The structure of a formula function in functions.xslt is simple: it has one parameter, the context_id, which is simply a reference to the period of the statement being evaluated from instance.xml. It contains an XSLT variable for each distinct argument in the item's formula, and it returns the formula, evaluated as written. For example, formula:F10 is the formula function for:


<item id="F10" formula="$F1 + $F2" type="calc"/>
and formula:F10 contains variables $F1 and $F2, created like this:

<xsl:variable name="F1" select="helper:get_input_value
( 'F1', $context_id)" as="xs:double"/>
and it returns:

<xsl:sequence select="$F1 + $F2"/>

More Stories By Edmund Gimzewski

Edmund Gimzewski has 15 years of experience in developing software for the financial sector and has been working with XML since its inception. In the last five years he has specialized in XML-centric systems for general software development and for defining and applying financial and other calculations.
Edmund formerly worked as a scientist researching in the field of thermodynamics and has published nearly a dozen papers on thermodynamics (see Thermochimica Acta).

Comments (0)

Share your thoughts on this story.

Add your comment
You must be signed in to add a comment. Sign-in | Register

In accordance with our Comment Policy, we encourage comments that are on topic, relevant and to-the-point. We will remove comments that include profanity, personal attacks, racial slurs, threats of violence, or other inappropriate material that violates our Terms and Conditions, and will block users who make repeated violations. We ask all readers to expect diversity of opinion and to treat one another with dignity and respect.


@ThingsExpo Stories
Bert Loomis was a visionary. This general session will highlight how Bert Loomis and people like him inspire us to build great things with small inventions. In their general session at 19th Cloud Expo, Harold Hannon, Architect at IBM Bluemix, and Michael O'Neill, Strategic Business Development at Nvidia, discussed the accelerating pace of AI development and how IBM Cloud and NVIDIA are partnering to bring AI capabilities to "every day," on-demand. They also reviewed two "free infrastructure" pr...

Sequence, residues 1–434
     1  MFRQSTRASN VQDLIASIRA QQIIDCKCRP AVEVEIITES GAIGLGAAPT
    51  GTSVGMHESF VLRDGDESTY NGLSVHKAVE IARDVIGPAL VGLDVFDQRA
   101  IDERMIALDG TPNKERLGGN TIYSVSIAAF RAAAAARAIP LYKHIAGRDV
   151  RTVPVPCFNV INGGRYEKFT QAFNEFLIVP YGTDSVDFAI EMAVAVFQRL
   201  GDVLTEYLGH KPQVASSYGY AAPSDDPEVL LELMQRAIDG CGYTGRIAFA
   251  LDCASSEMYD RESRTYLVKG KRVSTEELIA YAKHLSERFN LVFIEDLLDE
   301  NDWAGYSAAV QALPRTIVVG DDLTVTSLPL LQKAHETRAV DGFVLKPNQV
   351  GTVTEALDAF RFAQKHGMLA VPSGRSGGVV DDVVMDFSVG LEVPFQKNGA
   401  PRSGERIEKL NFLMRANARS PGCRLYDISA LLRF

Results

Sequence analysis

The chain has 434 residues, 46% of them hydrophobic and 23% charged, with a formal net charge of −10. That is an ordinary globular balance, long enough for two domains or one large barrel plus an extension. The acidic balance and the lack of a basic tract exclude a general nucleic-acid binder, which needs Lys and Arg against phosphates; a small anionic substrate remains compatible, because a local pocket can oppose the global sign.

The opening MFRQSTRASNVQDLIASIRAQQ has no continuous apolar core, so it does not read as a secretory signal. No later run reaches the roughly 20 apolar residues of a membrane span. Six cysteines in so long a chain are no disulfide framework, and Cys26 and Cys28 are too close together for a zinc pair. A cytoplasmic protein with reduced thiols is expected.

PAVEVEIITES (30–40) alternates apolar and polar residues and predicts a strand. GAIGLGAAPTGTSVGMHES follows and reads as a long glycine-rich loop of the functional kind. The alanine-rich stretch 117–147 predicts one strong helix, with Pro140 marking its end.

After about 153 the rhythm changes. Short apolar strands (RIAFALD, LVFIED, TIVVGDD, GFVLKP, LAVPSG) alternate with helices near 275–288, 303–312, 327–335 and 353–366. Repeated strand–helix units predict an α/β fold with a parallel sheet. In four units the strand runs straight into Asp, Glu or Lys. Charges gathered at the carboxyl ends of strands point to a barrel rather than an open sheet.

In his keynote at @ThingsExpo, Chris Matthieu, Director of IoT Engineering at Citrix and co-founder and CTO of Octoblu, focused on building an IoT platform and company. He provided a behind-the-scenes look at Octoblu’s platform, business, and pivots along the way (including the Citrix acquisition of Octoblu).
Data is an unusual currency; it is not restricted by the same transactional limitations as money or people. In fact, the more that you leverage your data across multiple business use cases, the more valuable it becomes to the organization. And the same can be said about the organization’s analytics. In his session at 19th Cloud Expo, Bill Schmarzo, CTO for the Big Data Practice at Dell EMC, introduced a methodology for capturing, enriching and sharing data (and analytics) across the organization...
The explosion of new web/cloud/IoT-based applications and the data they generate are transforming our world right before our eyes. In this rush to adopt these new technologies, organizations are often ignoring fundamental questions concerning who owns the data and failing to ask for permission to conduct invasive surveillance of their customers. Organizations that are not transparent about how their systems gather data telemetry without offering shared data ownership risk product rejection, regu...
Grape Up is a software company, specialized in cloud native application development and professional services related to Cloud Foundry PaaS. With five expert teams that operate in various sectors of the market across the USA and Europe, we work with a variety of customers from emerging startups to Fortune 1000 companies.